Fed R&D Tax Credit: Energy Consortium Tax Credit

Energy Research Consortium Tax Credit

The Energy Policy Act of 2005 (Public Law 109–58), in an effort to stimulate energy-related research and development (R&D), added a new component to the increasing research activities tax credit by establishing an energy research consortium credit equal to 20% of amounts paid or incurred by a taxpayer, including contributions, to an energy research consortium ("outside consultant") for qualified energy research under IRC § 41(a)(3). This energy research credit is not subject to the incremental determination as the traditional R&D tax credit or basic research credit calculated. Instead, it is a flat credit equal to 20% of the total amount of qualifying expenditures. However, aggregation of expenditures rules for "control group" calculations may still apply pursuant to IRC § 41(1).

In general, to be considered an energy research consortium ("outside consultant") performing contracted qualified research for energy research on behalf of the taxpayer, it must be a 501(c)(3) tax-exempt organization ("non-profit") that’s operated primarily to conduct energy research. The organization can not be a private foundation and must conduct its research for the public interest. In addition, at least five unrelated persons or entities must pay or incur amounts, including contributions, to the organization during the tax year, and no single person or entity may pay or incur more than 50% of the total amounts received by the organization.
 

The credit also applies to the full amount (i.e., 100%) of payments to colleges and universities, federal laboratories, and certain small firms for energy research performed under contract. In the case of small firms performing this research, a business taxpayer may claim a credit for the full amount of payments with two limitations. First, the taxpayer cannot own 50% or more of the stock of the small firm performing the research (if the firm is a corporation), or hold 50% or more of the small firm’s capital and profits (if the firm is a non-corporate entity such as a partnership). Second, the firm performing the research must have an average of 500 or fewer employees in one of the two previous calendar years.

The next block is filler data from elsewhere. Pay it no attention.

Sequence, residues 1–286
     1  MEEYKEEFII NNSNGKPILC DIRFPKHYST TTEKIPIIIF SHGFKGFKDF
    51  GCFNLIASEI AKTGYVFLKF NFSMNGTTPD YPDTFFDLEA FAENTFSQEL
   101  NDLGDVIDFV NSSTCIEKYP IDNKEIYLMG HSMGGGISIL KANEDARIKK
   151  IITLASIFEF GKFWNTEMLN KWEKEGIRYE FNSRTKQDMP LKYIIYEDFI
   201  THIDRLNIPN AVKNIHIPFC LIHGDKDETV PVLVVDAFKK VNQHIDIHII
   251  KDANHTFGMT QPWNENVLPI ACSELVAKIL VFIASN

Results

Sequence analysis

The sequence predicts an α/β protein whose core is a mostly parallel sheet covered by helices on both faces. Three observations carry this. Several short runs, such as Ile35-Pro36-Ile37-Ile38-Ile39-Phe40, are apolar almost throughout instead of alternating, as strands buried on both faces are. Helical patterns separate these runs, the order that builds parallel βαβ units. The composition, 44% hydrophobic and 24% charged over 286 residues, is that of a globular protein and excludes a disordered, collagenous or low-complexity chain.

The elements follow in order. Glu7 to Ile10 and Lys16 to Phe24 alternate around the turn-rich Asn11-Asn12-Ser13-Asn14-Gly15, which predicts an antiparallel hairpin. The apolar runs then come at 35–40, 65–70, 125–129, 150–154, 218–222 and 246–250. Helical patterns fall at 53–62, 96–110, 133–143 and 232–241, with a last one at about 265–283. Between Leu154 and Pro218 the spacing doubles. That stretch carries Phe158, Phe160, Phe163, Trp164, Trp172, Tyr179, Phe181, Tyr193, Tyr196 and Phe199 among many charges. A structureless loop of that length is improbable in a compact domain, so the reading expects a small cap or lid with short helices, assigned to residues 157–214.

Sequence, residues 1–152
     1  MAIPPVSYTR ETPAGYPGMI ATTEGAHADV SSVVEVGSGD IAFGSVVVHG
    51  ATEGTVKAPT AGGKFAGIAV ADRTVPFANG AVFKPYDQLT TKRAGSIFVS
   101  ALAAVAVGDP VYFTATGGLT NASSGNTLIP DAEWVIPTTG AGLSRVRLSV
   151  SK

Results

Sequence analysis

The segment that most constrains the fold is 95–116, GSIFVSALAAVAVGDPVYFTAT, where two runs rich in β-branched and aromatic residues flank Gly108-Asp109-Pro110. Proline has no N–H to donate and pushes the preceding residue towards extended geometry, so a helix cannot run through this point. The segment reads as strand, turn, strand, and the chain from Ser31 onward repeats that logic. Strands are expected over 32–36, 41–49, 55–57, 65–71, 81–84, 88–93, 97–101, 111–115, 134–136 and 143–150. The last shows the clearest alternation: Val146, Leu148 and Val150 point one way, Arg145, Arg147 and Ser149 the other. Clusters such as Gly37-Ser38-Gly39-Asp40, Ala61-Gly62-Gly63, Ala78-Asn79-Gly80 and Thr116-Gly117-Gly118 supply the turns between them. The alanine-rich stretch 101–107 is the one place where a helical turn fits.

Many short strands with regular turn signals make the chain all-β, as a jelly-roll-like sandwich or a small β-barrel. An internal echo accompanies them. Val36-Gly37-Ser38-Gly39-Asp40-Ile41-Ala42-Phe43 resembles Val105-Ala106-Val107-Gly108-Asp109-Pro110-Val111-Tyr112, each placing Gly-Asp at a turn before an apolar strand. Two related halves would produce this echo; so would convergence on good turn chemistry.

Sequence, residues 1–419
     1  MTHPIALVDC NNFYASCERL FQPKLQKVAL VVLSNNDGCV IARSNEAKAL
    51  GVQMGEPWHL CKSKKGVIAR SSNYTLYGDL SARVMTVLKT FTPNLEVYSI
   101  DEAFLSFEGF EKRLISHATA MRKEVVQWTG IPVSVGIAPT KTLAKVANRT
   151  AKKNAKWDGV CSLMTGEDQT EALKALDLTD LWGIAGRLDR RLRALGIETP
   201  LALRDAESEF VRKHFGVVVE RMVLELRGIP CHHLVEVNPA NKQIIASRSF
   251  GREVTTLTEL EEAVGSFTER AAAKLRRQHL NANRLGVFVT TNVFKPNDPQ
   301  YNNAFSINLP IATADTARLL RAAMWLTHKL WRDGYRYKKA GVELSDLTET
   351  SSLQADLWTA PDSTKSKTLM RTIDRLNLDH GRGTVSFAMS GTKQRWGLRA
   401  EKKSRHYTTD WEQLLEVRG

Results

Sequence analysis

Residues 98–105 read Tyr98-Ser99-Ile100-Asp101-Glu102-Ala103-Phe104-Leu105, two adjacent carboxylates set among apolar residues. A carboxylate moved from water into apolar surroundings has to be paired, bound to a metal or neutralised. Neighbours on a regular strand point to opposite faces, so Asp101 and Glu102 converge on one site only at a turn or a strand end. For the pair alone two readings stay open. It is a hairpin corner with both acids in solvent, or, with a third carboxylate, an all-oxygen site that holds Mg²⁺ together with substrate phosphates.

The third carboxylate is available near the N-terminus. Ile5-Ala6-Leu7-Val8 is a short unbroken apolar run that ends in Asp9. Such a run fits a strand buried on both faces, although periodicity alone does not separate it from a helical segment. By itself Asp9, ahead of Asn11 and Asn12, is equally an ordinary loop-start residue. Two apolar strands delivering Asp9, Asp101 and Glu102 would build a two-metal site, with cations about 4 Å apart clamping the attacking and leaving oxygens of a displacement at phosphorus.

The Energy Research Consortium tax credit can be taken in addition to the (1) "traditional" R&D tax credit and (2) the Basic Research tax credit. Because the Energy Research Consortium tax credit is flat rather than incremental, it is generally more generous than the other two credit components (R&D credit, Basic Research credit) of the Section 41 tax credits available to U.S. taxpayers. However, any amounts claimed as qualified energy research for the Energy Research Consortium tax credit cannot also be claimed simultaneously for either the general research tax credit or the basic research tax credit using the same qualified expenses pursuant to § 41(f)(D). As such, taxpayers wanting to claim the Energy Research Consortium credit should segregate these costs and examine them thoroughly to effectively substantiate a claim for the credit.


Many taxpayers in the oil and gas, manufacturing, chemical manufacturing and utilities industries might not be taking full advantage of the energy research consortium credit, and should be considered when evaluating tax credit incentive opportunities. Below further describes the components, definitions, and details when investigating potentially qualified energy research expenses and how the credit is calculated.

Energy Research

IRC § 41(f)(E) defines the term “energy research” as not including any research which is not qualified research (as defined in IRC § 41(d)). IRC § 41(f)(C) also states for purposes of energy research credit, amounts paid or incurred for any energy research conducted outside the United States, the Commonwealth of Puerto Rico, or any possession of the United States shall not be taken into account.